• What if health care spending really is slowing down

    This blog has a long and detailed record on concern over health care spending. My posts have also acknowledged how difficult I think it will be to bring that spending under control in the future. After all, every bit of spending goes into someone’s pockets, and taking it away will be a massive hit in the wallet for many, many Americans.

    There’s a piece in the WSJ yesterday, though, that questions whether things are actually getting better organically:

    For the past couple of years, U.S. health-care spending has been growing at a surprisingly slow pace.

    A lot of this is the recession and its aftermath. Americans cut back spending on nearly everything but iPhones. They go less frequently to the doctor, put off elective procedures and cut back on prescription drugs. It is the most significant slowdown in health spending since the heyday of managed care in the late 1990s.

    “This has gone on longer than anyone expected, though the [economic] downturn has too,” says Larry Levitt of the Kaiser Family Foundation, which tracks health-spending trends.

    Now this slowdown in utilization may not be a universal good. There’s lots of evidence that Americans aren’t necessarily great at distinguishing between necessary and unnecessary care when it comes to saving money. But this appears real, nonetheless:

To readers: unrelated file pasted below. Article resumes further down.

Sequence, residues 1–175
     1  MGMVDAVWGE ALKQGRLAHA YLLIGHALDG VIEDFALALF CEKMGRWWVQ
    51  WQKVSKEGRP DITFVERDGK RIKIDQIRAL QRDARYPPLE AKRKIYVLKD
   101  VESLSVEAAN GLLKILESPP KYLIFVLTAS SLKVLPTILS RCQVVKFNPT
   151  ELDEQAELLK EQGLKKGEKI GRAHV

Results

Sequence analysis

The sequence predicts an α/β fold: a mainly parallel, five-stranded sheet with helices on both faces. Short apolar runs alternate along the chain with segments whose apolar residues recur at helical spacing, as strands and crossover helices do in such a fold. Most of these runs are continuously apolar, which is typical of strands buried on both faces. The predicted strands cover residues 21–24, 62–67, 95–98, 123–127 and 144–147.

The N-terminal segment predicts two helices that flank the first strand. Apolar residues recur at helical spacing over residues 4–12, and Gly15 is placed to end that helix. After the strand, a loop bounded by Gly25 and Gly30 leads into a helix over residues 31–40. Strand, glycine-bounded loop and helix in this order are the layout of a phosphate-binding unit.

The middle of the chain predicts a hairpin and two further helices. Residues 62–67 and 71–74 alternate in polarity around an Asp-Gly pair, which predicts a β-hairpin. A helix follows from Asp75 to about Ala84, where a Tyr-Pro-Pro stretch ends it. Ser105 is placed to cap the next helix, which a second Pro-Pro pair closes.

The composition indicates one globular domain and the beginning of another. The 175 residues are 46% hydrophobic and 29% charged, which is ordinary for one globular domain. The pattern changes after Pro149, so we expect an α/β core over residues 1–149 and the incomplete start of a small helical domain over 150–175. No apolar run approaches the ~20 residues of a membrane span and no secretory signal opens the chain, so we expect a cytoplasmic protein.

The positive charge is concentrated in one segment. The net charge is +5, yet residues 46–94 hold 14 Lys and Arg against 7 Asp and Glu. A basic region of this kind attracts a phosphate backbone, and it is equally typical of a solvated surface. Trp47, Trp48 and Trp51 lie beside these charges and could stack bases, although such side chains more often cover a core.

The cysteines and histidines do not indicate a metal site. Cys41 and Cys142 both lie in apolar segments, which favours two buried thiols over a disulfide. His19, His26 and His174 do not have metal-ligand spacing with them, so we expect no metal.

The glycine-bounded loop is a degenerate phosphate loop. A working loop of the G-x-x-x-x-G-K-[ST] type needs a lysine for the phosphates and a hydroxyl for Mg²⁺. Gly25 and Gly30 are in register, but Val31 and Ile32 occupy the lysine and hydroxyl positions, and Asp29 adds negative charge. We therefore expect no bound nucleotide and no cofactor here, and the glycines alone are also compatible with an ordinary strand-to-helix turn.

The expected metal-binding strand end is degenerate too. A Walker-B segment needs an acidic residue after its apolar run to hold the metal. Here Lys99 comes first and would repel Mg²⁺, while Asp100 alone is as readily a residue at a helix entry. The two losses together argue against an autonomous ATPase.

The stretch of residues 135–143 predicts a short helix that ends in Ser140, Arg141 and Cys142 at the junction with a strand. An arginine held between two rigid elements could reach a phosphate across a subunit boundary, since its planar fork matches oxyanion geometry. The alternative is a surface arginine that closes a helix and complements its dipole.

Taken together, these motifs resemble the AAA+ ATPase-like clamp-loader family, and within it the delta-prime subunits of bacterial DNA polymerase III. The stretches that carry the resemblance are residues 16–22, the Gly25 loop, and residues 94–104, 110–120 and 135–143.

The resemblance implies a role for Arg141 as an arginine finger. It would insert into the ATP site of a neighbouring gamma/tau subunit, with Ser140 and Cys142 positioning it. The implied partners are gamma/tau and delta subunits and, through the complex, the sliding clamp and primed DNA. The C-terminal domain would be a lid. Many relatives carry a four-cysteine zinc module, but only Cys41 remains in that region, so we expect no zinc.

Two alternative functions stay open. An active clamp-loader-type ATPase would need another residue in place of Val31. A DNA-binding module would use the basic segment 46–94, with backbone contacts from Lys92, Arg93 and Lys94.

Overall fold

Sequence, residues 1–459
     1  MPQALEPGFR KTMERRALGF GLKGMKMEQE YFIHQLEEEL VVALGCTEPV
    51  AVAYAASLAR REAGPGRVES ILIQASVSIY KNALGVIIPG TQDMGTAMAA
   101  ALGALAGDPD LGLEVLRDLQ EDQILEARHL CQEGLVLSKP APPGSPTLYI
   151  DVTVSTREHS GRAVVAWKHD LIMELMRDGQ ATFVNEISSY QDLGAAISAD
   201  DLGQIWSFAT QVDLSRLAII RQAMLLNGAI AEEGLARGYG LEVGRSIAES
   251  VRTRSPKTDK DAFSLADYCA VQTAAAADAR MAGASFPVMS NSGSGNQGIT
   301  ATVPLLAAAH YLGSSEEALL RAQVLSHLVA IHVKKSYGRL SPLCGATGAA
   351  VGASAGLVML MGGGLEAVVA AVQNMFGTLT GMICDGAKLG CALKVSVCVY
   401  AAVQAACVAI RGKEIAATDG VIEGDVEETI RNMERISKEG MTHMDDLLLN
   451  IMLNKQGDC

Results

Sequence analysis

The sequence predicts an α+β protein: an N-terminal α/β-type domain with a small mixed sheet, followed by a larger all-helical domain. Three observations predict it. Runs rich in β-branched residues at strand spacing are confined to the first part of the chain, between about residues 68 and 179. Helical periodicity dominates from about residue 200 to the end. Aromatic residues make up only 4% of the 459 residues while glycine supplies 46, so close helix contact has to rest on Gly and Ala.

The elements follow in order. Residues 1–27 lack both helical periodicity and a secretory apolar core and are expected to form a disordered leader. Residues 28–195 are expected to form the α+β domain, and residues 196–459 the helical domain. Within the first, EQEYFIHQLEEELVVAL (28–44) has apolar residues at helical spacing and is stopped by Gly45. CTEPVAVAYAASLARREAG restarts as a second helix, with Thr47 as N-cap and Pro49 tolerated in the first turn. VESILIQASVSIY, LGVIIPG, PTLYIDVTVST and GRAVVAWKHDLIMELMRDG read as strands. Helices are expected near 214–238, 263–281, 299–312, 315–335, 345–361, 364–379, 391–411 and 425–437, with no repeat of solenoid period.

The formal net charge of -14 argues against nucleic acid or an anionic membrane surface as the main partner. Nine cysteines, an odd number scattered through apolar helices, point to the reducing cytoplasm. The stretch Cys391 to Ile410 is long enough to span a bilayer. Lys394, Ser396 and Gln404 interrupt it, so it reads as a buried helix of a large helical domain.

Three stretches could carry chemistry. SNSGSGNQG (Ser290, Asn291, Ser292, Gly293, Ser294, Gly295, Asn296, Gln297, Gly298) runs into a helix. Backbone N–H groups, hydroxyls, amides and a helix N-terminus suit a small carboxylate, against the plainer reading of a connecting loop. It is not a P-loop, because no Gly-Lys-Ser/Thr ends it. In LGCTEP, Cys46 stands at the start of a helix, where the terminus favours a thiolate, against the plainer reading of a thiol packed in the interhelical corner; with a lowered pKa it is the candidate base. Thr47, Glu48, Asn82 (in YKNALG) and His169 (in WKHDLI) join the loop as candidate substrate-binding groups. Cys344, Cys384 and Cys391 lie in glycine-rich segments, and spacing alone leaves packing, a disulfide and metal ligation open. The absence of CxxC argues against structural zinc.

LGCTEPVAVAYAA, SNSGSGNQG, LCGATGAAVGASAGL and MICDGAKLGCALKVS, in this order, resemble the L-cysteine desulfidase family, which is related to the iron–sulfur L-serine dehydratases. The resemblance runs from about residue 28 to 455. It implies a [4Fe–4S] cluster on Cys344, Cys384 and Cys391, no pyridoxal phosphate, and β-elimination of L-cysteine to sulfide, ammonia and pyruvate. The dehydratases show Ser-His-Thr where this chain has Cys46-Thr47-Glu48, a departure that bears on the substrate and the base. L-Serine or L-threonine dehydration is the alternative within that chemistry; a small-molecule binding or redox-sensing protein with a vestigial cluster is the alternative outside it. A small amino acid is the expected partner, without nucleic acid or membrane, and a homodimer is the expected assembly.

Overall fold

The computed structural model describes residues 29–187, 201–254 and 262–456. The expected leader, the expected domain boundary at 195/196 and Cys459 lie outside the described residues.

Some are arguing that this has to be temporary, because there have been no major shifts in national policy, nor any concerted efforts to change the health care system on a national level (such as the managed care experiment of the ’90s). Others disagree, though:

    Harvard University economist David Cutler draws the opposite conclusion. He attributes about a third of the slowdown to the transitory impact of the recession, and another dollop to recent cuts in government payment rates to providers and to the drug industry’s inability to find pricey new drugs to replace the revenue from generics.

    But Mr. Cutler speculates a significant part of the slowdown reflects changes in consumer and provider behavior that will persist. Americans are using less health care because they are being forced to pay more out of pocket. Indeed, the share of insured workers with deductibles of $1,000 or more rose to 31% in 2011 from 18% in 2008, Kaiser estimates. “A lot of people are saying: Do I really need this?” Mr. Cutler says, who notes a distinct slowing in the pace of spending on CT scans, MRIs and other imaging.

    At the same time, he says, doctors and hospitals—prodded by employers and government—are changing the way they deliver health care, partly in anticipation of some features of the Obama law, such as penalties for hospital-caused infections.